Scott, Peter Cameron
1867 to 1896
Africa Inland Mission
Peter Cameron Scott was born in Scotland to Christian parents. In 1873, he and his friends heard D. L. Moody sing to the people at his meetings. It brought tears to Scott's eyes when they sang Jesus Loves Me. Scott's family was very poor and when his sister died, they moved to America and settled in Philadelphia, Pennsylvania. He attempted to seek out an Opera singing career but his parents would not let him. At the age of twenty-two in 1889, he joined the Christian Alliance Training Institute in New York, run by Albert Benjamin Simpson who was the founder of the Christian and Missionary Alliance denomination.
Scott did not finish school because he felt an urgency to preach. Consequently, in 1890, he was ordained and commissioned by A. B. Simpson to go to Congo. His brother joined him a few months later, only to die and be buried by Scott. Scott was struck down by tropical diseases which forced him to retire to England to recuperate. During this time, he read widely about missions. In 1895, his dreams were received and enlarged when he and a group of missionary enthusiasts formed three organizations: the Pennsylvania Bible Institute, the Central American Industrial Mission, and the Africa Inland Mission.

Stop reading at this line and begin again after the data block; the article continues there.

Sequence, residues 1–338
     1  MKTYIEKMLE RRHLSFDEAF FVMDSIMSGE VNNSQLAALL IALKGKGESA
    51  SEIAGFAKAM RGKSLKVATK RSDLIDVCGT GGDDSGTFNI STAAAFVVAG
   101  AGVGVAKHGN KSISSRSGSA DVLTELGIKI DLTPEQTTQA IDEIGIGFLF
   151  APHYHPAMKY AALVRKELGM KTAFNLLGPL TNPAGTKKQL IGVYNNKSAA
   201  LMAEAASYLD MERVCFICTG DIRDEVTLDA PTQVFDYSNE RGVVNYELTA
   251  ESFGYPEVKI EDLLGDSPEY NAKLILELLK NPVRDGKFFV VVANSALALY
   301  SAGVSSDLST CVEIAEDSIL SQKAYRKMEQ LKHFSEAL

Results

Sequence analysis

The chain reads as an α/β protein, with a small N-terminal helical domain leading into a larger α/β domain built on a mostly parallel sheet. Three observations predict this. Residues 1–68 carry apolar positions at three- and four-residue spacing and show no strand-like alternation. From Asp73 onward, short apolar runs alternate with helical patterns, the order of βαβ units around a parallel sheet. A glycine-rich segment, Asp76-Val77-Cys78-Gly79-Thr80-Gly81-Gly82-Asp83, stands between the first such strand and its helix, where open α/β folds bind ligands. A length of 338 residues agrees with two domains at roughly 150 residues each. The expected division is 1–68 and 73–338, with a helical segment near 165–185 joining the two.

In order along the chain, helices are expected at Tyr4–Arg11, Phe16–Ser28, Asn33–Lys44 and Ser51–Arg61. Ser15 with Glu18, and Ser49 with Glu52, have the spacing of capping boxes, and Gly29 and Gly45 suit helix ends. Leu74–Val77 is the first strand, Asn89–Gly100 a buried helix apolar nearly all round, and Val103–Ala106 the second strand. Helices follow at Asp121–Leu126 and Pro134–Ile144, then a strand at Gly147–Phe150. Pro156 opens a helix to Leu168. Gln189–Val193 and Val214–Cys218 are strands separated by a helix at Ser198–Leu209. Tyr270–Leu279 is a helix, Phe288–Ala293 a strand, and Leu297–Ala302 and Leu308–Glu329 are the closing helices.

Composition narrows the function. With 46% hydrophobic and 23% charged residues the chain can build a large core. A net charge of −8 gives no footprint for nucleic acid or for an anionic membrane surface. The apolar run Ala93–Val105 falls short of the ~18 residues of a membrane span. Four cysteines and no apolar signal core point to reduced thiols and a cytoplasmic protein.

That same year, Peter Cameron Scott, along with seven other people, sailed to East Africa and first settled at Nwazi, Kenya. Within a year, Peter Cameron Scott died from the dreaded Black Water Fever at the age of 29.
Scott never married. Later on, his whole family went to Africa to do mission work, although they could not keep up with the rigors of missionary life and eventually resorted to other vocations.
Scott is remembered for his diligence and single-mindedness, having walked 2,600 miles in one year and having installed missionaries in four locations in his one year of missionary work in Kenya.
Bela B. Kalumbete
D. Anderson, We Felt Like Grasshoppers (Crossway Books, 1994), 17-22.
G. Anderson, ed., Biographical Dictionary of Christian Missions (Grand Rapids, Michigan: Eerdmans, 1998), 608.
John Baur, 2000 Years of Christianity in Africa (Nairobi, Kenya: Paulines Publications Africa, 1994), 256.
A. Scott Moreau, ed., Evangelical Dictionary of World Missions (Grand Rapids, Michigan: Baker Books, 2000), 860.
K. Richardson, Garden of Miracles (Africa Inland Church, 1968), 21-36.
Mark Shaw, The Kingdom of God in Africa (Grand Rapids, Michigan: Baker Books, 1996), 192, 217.
This article was researched and written by Bela B. Kalumbete, a Project Luke Fellow associated with the Africa Inland Church, Tanzania.